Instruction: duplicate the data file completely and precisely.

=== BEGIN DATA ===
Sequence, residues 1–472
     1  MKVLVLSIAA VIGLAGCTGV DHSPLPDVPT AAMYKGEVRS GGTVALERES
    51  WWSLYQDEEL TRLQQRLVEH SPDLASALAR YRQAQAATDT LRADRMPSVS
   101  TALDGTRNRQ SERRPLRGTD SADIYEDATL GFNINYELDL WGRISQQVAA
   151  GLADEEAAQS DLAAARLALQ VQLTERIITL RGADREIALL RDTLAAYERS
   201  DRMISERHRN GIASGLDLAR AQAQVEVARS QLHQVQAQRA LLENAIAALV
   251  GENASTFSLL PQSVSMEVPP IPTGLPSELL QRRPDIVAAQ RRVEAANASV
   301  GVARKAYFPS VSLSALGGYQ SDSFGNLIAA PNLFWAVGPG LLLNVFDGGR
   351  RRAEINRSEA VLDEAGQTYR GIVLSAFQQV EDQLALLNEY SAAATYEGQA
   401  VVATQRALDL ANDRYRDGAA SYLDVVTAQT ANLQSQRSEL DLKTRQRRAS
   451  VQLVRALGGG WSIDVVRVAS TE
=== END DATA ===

Sequence, residues 1–472
     1  MKVLVLSIAA VIGLAGCTGV DHSPLPDVPT AAMYKGEVRS GGTVALERES
    51  WWSLYQDEEL TRLQQRLVEH SPDLASALAR YRQAQAATDT LRADRMPSVS
   101  TALDGTRNRQ SERRPLRGTD SADIYEDATL GFNINYELDL WGRISQQVAA
   151  GLADEEAAQS DLAAARLALQ VQLTERIITL RGADREIALL RDTLAAYERS
   201  DRMISERHRN GIASGLDLAR AQAQVEVARS QLHQVQAQRA LLENAIAALV
   251  GENASTFSLL PQSVSMEVPP IPTGLPSELL QRRPDIVAAQ RRVEAANASV
   301  GVARKAYFPS VSLSALGGYQ SDSFGNLIAA PNLFWAVGPG LLLNVFDGGR
   351  RRAEINRSEA VLDEAGQTYR GIVLSAFQQV EDQLALLNEY SAAATYEGQA
   401  VVATQRALDL ANDRYRDGAA SYLDVVTAQT ANLQSQRSEL DLKTRQRRAS
   451  VQLVRALGGG WSIDVVRVAS TE